"Please," he told them. "Let us be protectors of creation, protectors of God's plan inscribed in nature, protectors of one another and of the environment."

The Argentine native is the first pope from Latin America and the first named for the 13th-century friar St. Francis of Assisi, whose life's work was to care for nature, the poor and most disadvantaged.

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Pope Francis waves to crowds as he arrives to his inauguration Mass in St. Peter's Square at the Vatican, Tuesday, March 19, 2013. AP / Gregorio Borgia
March 15, 2013
A look at 2 years of conflict in Syria

Syrians marked the second anniversary of the revolt against President Bashar Assad on Friday, with small protests and vigils inside the war-shattered country and abroad. Since the heady, early days of their uprising, many Syrians opposed to the regime have descended into despair: The civil war has killed an estimated 70,000 people, displaced more than four million and turned neighbor against neighbor.

The country, with a prewar population of 22 million, is now carved up into areas controlled by the regime and others held by rebels. Months of heavy street fighting and aerial bombardment has left entire neighborhoods in ruins.

As the war enters its third year, many Syrians feel a sense of abandonment. Others in the rebel movement think momentum is on their side, believing they're able to declare victory within few months.

Here's a gallery of photos from the Associated Press looking back at the conflict in Syria.

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A Free Syrian Army soldier, right, looks through a mirror that helps him see Syrian troops from the other side, as he takes his position with his comrade during fighting, at the old city of Aleppo city, Syria, Monday, Sept. 24, 2012. AP / Hussein Malla
March 13, 2013
Argentine Jorge Bergoglio elected Pope Francis

VATICAN CITY (AP) - Jorge Bergoglio of Argentina was elected pope Wednesday and chose the name Francis, becoming the first pontiff from the Americas and the first from outside Europe in more than a millennium.

Looking stunned, Francis shyly waved to the crowd of tens of thousands of people who gathered in St. Peter's Square, marveling that the cardinals needed to look to "the end of the earth" to find a bishop of Rome.

In choosing a 76-year-old pope, the cardinals clearly decided that they didn't need a vigorous, young pope who would reign for decades but rather a seasoned, popular pastor who would draw followers to the faith. The cardinal electors overcame deep divisions to select the 266th pontiff in a remarkably fast, five-ballot conclave.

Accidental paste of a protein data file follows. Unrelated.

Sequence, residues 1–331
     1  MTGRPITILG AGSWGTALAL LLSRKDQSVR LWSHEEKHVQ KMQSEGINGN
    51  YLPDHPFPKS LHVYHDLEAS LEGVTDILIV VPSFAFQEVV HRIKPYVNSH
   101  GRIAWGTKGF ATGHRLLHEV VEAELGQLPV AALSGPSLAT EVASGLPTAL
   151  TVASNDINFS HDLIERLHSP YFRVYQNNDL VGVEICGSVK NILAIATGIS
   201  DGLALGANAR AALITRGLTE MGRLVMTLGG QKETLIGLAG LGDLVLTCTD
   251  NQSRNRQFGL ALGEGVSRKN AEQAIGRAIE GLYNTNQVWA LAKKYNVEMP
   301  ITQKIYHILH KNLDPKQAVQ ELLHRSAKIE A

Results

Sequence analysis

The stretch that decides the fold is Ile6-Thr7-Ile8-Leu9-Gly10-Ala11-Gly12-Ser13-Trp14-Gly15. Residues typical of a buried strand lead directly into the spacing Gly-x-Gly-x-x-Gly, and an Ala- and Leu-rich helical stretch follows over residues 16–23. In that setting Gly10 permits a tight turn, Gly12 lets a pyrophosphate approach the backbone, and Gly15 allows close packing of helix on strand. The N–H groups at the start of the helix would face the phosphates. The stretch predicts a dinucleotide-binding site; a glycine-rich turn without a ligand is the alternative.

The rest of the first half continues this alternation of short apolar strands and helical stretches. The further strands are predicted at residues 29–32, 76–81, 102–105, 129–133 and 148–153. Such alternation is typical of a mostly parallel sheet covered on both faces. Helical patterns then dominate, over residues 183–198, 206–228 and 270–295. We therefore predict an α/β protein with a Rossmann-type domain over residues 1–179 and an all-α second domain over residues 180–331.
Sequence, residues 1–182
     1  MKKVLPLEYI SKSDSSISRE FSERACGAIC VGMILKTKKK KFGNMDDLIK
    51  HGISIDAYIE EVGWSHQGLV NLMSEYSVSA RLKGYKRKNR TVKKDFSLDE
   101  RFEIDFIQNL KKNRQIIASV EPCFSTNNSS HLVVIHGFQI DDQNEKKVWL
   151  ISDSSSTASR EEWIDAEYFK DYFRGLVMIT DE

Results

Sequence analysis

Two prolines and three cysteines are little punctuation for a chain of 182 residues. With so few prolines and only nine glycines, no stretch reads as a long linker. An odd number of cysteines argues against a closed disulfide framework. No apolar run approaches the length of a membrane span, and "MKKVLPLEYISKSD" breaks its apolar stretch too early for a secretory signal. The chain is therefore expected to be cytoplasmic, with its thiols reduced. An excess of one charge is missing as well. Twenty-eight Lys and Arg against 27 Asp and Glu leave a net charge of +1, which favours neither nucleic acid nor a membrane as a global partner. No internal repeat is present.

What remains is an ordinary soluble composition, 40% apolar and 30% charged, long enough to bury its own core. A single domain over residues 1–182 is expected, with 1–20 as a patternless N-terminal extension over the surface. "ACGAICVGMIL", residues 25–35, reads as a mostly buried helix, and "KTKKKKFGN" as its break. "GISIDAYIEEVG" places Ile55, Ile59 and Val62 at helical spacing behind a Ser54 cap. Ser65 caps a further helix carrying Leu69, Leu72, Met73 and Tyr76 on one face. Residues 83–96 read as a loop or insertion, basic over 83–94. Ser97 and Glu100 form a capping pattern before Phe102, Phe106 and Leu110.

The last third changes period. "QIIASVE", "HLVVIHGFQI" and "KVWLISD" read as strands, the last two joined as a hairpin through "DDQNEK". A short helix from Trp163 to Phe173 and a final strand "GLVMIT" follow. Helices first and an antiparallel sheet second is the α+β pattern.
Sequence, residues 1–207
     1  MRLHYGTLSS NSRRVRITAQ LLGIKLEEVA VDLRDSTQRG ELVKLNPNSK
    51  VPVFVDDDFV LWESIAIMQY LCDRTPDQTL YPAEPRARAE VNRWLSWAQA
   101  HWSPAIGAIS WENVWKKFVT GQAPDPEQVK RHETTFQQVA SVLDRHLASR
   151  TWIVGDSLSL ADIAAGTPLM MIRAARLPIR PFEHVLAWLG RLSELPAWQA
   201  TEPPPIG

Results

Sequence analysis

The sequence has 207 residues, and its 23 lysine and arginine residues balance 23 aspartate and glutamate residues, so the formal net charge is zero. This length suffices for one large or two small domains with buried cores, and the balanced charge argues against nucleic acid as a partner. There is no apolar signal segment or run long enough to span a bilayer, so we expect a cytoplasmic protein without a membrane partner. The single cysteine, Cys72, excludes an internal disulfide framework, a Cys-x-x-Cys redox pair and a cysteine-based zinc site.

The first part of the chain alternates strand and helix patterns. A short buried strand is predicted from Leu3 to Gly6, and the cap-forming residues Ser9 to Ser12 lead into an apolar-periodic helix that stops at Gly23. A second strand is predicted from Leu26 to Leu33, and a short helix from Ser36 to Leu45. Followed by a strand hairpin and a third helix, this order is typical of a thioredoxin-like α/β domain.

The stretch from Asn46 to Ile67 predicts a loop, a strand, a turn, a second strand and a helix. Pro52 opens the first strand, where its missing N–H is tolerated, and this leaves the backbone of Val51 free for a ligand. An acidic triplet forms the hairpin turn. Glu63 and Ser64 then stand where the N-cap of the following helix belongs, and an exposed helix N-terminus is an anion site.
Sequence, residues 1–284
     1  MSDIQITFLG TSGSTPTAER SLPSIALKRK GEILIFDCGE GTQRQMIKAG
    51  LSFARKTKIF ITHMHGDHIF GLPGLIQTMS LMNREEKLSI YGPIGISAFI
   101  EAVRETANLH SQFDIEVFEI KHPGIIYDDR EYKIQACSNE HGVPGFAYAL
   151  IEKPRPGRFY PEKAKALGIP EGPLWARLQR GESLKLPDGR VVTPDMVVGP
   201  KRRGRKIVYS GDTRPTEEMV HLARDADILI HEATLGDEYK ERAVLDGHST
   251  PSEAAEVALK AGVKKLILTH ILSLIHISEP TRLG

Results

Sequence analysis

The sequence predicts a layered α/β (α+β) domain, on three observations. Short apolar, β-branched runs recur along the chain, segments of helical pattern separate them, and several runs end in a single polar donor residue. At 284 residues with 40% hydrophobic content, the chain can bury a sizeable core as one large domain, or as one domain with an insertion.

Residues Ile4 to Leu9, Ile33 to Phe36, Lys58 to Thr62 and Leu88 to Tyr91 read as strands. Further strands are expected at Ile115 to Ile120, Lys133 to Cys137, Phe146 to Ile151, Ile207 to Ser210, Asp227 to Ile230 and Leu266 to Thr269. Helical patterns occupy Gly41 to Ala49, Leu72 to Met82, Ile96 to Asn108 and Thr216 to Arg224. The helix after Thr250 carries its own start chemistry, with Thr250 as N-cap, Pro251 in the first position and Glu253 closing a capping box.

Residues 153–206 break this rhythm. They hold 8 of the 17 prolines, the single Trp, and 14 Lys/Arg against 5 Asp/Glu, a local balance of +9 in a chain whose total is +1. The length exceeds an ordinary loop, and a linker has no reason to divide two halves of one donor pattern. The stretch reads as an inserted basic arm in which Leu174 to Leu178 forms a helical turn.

Francis asked for prayers for himself, and for retired Pope Benedict XVI, whose surprising resignation paved the way for the conclave that brought the first Jesuit to the papacy.

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People react after white smoke billowed from the chimney on the Sistine Chapel indicating that a new pope has been elected in St. Peter's Square at the Vatican, Wednesday, March 13, 2013. Argentine Cardinal Jorge Mario Bergoglio, who chose the name of Pope Francis, is the 266th pontiff of the Roman Catholic Church. AP / Emilio Morenatti
March 11, 2013
Recovery slow as Japan marks 2 years since tsunami

TOKYO (AP) - Amid growing dissatisfaction with the slow pace of recovery, Japan marked the second anniversary Monday of the devastating earthquake and tsunami that left nearly 19,000 people dead or missing and has displaced more than 300,000.

Japanese Prime Minister Shinzo Abe said that the government intends to make "visible" reconstruction progress and accelerate resettlement of those left homeless by streamlining legal and administrative procedures many blame for the delays.

At observances in Tokyo and in still barren towns along the northeastern coast, those gathered bowed their heads in a moment of silence marking the moment, at 2:46 p.m. on March 11, 2011, when the magnitude 9.0 earthquake -- the strongest recorded in Japan's history -- struck off the coast.